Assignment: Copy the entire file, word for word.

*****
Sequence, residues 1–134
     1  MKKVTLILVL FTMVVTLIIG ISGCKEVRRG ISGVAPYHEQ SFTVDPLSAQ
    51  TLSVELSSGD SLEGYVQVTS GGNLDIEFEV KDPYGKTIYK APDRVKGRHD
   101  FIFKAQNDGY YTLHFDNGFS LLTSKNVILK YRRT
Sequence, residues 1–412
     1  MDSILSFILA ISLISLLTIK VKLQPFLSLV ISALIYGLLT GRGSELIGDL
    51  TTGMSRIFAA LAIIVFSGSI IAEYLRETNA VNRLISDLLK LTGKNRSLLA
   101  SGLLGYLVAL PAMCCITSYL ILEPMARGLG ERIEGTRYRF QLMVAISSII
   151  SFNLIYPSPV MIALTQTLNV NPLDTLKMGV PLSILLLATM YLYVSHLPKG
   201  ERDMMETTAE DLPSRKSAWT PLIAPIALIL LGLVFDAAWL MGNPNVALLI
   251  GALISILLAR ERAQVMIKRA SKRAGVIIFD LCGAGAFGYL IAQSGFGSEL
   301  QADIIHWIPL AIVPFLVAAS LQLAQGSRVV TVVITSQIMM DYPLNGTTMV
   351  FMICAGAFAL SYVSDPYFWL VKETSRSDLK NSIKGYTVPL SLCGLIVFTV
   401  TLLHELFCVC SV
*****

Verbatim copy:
Sequence, residues 1–134
     1  MKKVTLILVL FTMVVTLIIG ISGCKEVRRG ISGVAPYHEQ SFTVDPLSAQ
    51  TLSVELSSGD SLEGYVQVTS GGNLDIEFEV KDPYGKTIYK APDRVKGRHD
   101  FIFKAQNDGY YTLHFDNGFS LLTSKNVILK YRRT
Sequence, residues 1–412
     1  MDSILSFILA ISLISLLTIK VKLQPFLSLV ISALIYGLLT GRGSELIGDL
    51  TTGMSRIFAA LAIIVFSGSI IAEYLRETNA VNRLISDLLK LTGKNRSLLA
   101  SGLLGYLVAL PAMCCITSYL ILEPMARGLG ERIEGTRYRF QLMVAISSII
   151  SFNLIYPSPV MIALTQTLNV NPLDTLKMGV PLSILLLATM YLYVSHLPKG
   201  ERDMMETTAE DLPSRKSAWT PLIAPIALIL LGLVFDAAWL MGNPNVALLI
   251  GALISILLAR ERAQVMIKRA SKRAGVIIFD LCGAGAFGYL IAQSGFGSEL
   301  QADIIHWIPL AIVPFLVAAS LQLAQGSRVV TVVITSQIMM DYPLNGTTMV
   351  FMICAGAFAL SYVSDPYFWL VKETSRSDLK NSIKGYTVPL SLCGLIVFTV
   401  TLLHELFCVC SV